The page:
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Listen Up and Tune in the Evolution of Culture

by on July 12, 2015 10:55 PM

On a recent return to Centre County via Interstate 80, I had the opportunity to listen to the satellite radio that was installed in the rental car.

I usually hook up my phone to Bluetooth to listen to internet radio and my playlists but this time decided to make use of a service that wouldn't eat up my data usage on my phone.

While navigating around the tractor-trailers and driving rain for most of the trip, I found myself jumping from current pop stations to those stations they call The Decades - music specifically from the 1960s, 1970s, 1980s and 1990s.

I made some mental notes as I listened to the wide variety of music that we have listened to over the past 50 years. First, the Rolling Stones had at least one song in every decade (which reminded me that Mick Jagger is now a great grandfather). Second, some of the music was really bad but reminded me of good times. Last, music offers a glimpse into our culture and can really be a sign of the times.

From the Cornelius Brothers and Sister Rose singing "Treat Her Like a Lady" and reflecting that " strange, as it seems, you know you can't treat a woman mean" to the creepy songs of Gary Puckett and the Union Gap including "Young Girl" and "you better run girl, you're much too young girl" some of the music really reflects how our culture has changed.

The classic, however, came on right outside of Youngstown, Ohio. The 1969 hit by a group called the 1910 Fruitgum Company's "Indian Giver" starts out with a decidedly tribal sounding drum intro and then the lyrics go on to accuse the girl who took her love away as being an Indian giver.

Indian giver? Are they kidding?

Can you imagine these and other songs crawling up the Billboard charts as number one hits in today's politically correct climate? (Conversations about Kanye and some of today's hip hop and rap artists who reflect on the "how many bitches I own" is probably better left to another column.)

Aside from nostalgia about some of the so-bad-its-good music of the last century, the lesson in reviewing the old tunes was pretty simple. Culture should not be evaluated through the lens of the here and now. To try to go back and evaluate or judge something from the past using today's wisdom or science or perspective doesn't make sense.

We can't rewind the tape on our past merely because we see things differently now. The objective must be to learn from our history so that it doesn't repeat itself.

Anthropologists and sociologists have applied Darwin's theory of human evolution to societies and groups of people. Just as Darwin and other evolutionists believed that humans respond and react and therefore adapt to their environment, socio-cultural evolutionists believe that our communities and how we organize ourselves and respond within those communities respond and react as well. In other words, the influence of both time and of change within our environment cause our cultures to evolve.

Think of how our interpersonal skills have evolved and adapted in the short time that the cell phone has had an influence in our lives. We are a different society with different norms and mores because of this external influence.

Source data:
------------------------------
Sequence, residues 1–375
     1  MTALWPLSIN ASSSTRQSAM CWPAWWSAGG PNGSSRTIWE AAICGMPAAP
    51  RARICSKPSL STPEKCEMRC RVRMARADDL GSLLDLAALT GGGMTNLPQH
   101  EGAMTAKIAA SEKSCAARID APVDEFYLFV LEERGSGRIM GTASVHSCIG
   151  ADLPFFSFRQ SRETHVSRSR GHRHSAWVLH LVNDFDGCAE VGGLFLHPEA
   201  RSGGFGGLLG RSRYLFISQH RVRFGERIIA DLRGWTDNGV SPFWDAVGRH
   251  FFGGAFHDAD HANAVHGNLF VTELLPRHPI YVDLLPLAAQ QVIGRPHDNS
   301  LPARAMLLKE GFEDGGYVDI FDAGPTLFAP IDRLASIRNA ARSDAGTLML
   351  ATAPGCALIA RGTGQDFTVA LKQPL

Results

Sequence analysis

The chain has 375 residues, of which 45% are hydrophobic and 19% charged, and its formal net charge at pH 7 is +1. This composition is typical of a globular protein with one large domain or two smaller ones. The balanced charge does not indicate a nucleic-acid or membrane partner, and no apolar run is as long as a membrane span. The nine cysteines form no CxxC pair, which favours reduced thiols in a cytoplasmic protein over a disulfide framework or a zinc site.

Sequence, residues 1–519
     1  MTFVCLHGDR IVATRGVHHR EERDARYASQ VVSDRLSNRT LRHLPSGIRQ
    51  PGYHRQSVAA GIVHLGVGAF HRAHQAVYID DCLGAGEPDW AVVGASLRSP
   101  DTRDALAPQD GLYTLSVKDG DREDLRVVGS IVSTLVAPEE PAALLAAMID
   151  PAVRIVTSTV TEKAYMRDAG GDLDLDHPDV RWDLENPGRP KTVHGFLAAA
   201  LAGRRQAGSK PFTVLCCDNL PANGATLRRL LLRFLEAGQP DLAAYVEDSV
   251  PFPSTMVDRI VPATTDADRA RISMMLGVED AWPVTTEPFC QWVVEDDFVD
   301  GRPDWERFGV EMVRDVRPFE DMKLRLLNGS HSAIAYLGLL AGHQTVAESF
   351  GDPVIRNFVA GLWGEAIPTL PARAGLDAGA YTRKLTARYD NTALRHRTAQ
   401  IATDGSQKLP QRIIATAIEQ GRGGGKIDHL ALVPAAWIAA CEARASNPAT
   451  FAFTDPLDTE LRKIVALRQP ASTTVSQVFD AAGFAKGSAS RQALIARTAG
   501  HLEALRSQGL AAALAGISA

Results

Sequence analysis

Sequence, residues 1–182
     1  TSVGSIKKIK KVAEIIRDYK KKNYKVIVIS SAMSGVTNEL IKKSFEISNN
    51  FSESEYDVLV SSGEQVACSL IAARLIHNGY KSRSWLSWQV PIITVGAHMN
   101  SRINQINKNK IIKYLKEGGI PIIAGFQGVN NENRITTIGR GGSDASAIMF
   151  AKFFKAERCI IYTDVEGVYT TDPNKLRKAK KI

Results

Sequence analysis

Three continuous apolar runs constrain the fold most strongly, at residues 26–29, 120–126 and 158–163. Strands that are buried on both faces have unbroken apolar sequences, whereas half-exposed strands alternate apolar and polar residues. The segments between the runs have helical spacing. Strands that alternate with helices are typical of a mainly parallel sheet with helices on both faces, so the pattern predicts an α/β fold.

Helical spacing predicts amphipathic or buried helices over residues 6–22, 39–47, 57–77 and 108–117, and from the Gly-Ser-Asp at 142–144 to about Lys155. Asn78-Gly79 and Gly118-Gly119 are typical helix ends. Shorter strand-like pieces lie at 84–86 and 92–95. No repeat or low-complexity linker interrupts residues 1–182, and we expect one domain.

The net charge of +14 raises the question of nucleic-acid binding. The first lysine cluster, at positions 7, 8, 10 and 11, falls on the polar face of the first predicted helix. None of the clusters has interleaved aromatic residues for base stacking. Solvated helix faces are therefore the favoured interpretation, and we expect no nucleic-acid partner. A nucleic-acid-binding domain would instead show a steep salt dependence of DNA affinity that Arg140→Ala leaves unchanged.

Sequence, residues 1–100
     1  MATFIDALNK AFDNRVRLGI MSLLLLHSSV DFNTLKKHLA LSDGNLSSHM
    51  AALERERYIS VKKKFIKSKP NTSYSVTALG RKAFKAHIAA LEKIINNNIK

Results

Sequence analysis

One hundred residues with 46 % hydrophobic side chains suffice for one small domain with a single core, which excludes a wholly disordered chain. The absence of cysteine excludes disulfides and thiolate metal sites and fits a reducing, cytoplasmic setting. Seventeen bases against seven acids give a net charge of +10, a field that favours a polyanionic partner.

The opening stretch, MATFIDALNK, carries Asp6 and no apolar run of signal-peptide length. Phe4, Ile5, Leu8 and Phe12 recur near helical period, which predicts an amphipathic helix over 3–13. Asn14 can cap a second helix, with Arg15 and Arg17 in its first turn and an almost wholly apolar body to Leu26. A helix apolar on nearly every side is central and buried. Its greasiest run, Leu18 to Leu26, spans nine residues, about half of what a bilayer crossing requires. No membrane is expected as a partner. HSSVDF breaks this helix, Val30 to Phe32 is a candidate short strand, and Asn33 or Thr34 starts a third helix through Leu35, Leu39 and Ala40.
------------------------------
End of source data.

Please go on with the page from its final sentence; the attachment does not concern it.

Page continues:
People must therefore evolve within their societies as their societies evolve.

I can remember taking vacations as a kid. We would be driving along and we would gather up the all the trash in the car - snack bags or leftover styrafoam containers from the fast food restaurant and toss it out the window of the moving car. Soda cans, bags of food and other garbage flying by on the interstate, coming out of the other cars, was nothing out of the ordinary. Today, as I separate my cardboard from my plastic and glass and put them in separate containers for the recycling pick up, I can't imagine that I ever thought tossing rubbish out on the street was an okay thing to do.

Looking at the past through today's lens can sometimes show us a really ugly and often embarrassing picture. It can't however change what we knew or did then.

Collectively we learned that littering and garbage is unsanitary and damaging to the environment. We have adapted our habits and changed our decisions. Our culture and our society (and the individuals within it) have evolved. (Sadly, many cultures outside of North America haven't evolved to that same level of understanding).

Unfortunately, we seem to be moving in the direction that people are demanding that we go back and somehow undo the sins of yesterday because of what we know and do today. The trend that "someone has to pay" for decisions made by people years or decades or centuries ago (and who may not even be alive) seems to growing.

We can't undo the past but we can learn from it.

It wasn't all that long ago that people thought the world was flat. It wasn't all that long ago that we sang a song called Indian Giver.

What will be the issue or cause or decisions made by our culture today that our children and grandchildren look back and say "What the hell were they thinking?" Hopefully, they will have evolved to a greater understanding.

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Patty Kleban is an instructor at Penn State, mother of three and a community volunteer. She is a Penn State Alumna. Readers of State College Magazine voted her Best Writer of 2010 and 2012. She and her family live in Patton Township. Her views and opinions do not necessarily reflect those of Penn State.
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